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Data from: Species-specific strategies increase unpredictability of escape flight in eared moths

Citation

Hügel, Theresa; Goerlitz, Holger R. (2019), Data from: Species-specific strategies increase unpredictability of escape flight in eared moths, Dryad, Dataset, https://doi.org/10.5061/dryad.d4v1n71

Abstract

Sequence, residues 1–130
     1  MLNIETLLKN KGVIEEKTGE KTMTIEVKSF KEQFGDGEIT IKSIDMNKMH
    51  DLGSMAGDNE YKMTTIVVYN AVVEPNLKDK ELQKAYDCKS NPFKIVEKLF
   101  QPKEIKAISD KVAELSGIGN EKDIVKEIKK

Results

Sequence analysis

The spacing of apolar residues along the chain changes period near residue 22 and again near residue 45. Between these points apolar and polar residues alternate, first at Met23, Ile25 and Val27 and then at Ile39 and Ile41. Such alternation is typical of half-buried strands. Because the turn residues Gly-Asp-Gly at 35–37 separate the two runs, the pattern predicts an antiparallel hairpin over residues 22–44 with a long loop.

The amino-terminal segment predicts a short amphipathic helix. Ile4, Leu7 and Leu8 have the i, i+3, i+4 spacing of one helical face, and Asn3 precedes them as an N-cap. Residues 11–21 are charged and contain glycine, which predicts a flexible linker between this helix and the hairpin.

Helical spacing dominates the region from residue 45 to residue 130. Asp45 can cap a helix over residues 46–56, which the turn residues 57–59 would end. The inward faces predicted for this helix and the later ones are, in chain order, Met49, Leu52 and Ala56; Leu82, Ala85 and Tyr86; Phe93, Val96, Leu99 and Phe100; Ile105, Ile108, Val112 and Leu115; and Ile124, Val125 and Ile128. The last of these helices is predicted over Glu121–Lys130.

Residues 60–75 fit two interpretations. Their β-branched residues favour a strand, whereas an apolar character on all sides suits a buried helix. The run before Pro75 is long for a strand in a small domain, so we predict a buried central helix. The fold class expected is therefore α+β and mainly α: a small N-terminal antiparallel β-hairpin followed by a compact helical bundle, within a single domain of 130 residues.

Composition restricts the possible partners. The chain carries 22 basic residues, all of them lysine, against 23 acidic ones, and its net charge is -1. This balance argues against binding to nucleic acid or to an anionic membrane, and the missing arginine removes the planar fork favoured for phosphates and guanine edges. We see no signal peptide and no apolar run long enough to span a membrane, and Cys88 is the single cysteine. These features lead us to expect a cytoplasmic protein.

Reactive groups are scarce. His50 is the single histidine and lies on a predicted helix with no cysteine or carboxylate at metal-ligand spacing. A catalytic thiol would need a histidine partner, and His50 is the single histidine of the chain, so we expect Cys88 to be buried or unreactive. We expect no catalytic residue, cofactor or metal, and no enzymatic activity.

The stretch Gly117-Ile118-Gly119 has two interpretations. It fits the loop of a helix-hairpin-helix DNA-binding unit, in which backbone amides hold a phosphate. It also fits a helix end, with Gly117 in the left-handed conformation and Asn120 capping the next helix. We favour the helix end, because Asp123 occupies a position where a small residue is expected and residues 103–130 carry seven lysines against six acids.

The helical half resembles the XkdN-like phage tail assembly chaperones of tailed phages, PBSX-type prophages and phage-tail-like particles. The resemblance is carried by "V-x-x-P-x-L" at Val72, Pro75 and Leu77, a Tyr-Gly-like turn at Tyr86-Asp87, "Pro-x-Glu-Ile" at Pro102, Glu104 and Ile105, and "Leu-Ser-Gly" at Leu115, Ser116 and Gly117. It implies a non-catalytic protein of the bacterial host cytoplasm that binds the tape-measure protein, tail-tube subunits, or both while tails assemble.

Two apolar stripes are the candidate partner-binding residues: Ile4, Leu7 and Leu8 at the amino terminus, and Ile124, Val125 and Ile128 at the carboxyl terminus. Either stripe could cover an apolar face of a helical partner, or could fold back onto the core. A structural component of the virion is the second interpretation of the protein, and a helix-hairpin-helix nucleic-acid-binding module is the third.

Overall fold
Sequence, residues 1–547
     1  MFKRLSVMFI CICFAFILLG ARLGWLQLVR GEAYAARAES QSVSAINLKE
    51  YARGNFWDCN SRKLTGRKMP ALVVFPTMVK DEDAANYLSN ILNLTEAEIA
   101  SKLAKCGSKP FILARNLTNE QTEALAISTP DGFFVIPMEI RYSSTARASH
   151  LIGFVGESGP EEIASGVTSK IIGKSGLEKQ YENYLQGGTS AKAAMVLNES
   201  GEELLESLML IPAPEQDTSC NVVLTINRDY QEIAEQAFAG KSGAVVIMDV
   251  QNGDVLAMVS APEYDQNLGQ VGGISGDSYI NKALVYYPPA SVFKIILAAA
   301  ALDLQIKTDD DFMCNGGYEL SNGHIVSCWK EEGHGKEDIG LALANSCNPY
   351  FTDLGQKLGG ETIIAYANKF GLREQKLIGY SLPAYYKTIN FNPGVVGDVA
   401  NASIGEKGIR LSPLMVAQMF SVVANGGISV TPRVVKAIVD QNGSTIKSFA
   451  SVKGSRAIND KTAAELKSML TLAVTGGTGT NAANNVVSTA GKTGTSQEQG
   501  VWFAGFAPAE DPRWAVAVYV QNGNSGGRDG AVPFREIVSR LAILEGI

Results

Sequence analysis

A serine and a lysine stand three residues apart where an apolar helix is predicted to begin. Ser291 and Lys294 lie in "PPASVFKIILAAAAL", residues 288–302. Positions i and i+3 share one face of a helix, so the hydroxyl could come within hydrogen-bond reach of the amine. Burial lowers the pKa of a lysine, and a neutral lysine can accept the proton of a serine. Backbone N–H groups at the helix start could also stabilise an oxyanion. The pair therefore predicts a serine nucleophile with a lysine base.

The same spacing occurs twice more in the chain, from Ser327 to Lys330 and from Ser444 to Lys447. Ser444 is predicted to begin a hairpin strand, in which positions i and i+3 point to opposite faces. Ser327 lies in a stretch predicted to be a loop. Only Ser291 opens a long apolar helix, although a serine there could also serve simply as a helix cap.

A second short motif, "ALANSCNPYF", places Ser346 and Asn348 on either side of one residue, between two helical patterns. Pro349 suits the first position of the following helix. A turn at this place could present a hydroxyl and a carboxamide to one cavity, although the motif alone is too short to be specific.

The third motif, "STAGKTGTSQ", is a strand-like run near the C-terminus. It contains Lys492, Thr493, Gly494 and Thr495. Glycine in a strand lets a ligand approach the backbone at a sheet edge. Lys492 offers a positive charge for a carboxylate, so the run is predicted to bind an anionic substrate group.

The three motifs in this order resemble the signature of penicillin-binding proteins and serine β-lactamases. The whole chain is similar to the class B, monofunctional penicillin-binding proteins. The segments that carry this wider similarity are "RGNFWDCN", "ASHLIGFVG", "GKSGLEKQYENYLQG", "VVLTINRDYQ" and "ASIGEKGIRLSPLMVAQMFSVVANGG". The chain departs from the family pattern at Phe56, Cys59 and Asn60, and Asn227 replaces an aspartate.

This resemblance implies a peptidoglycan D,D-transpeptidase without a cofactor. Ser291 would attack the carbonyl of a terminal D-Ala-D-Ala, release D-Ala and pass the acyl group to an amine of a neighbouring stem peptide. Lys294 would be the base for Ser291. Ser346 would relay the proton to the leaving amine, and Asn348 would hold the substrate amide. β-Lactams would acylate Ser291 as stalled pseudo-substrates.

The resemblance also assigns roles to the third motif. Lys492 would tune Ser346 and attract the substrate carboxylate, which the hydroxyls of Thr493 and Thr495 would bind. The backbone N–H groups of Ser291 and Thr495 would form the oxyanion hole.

1. Many prey species overlap in time and space and are hunted by the same predators. A common anti-predator behaviour are evasive manoeuvres to escape an attacking predator. The escape-tactic diversity hypothesis postulates that species-specific differences in evasive behaviour will increase the overall unpredictability experienced by predators within a predator-prey community. Evolutionary, escape-tactic diversity would be driven by the enhanced predator protection for each prey individual in the community. However, escape-tactic diversity could also be a functional consequence of morphological differences that correlate with evasive capabilities. 2. Echolocating bats and eared moths are a textbook example of predator-prey interactions. Moths exhibit evasive flight with diverse tactics; however, the variability of their evasive flight within and between species and individuals has never been quantified systematically. In addition, moth species show variation in size, which correlates with their flight capability. 3. We recorded flight strength during tethered flight of eight sympatric moth species in response to the same level of simulated bat predation. Our method allowed us to record kinematic parameters that are correlated with evasive flight in a controlled way to investigate species-specific differences in escape tactics. 4. We show species-specific and size-independent differences in both overall flight strength and change of flight strength over time, supporting the escape-tactic diversity hypothesis for eared moths. Additionally, we show strong inter-individual differences in evasive flight within some species. This diversity in escape tactic between eared moths increases the overall unpredictability of evasive flight experienced by bat predators, likely providing increased protection against predatory bats for the single individual.

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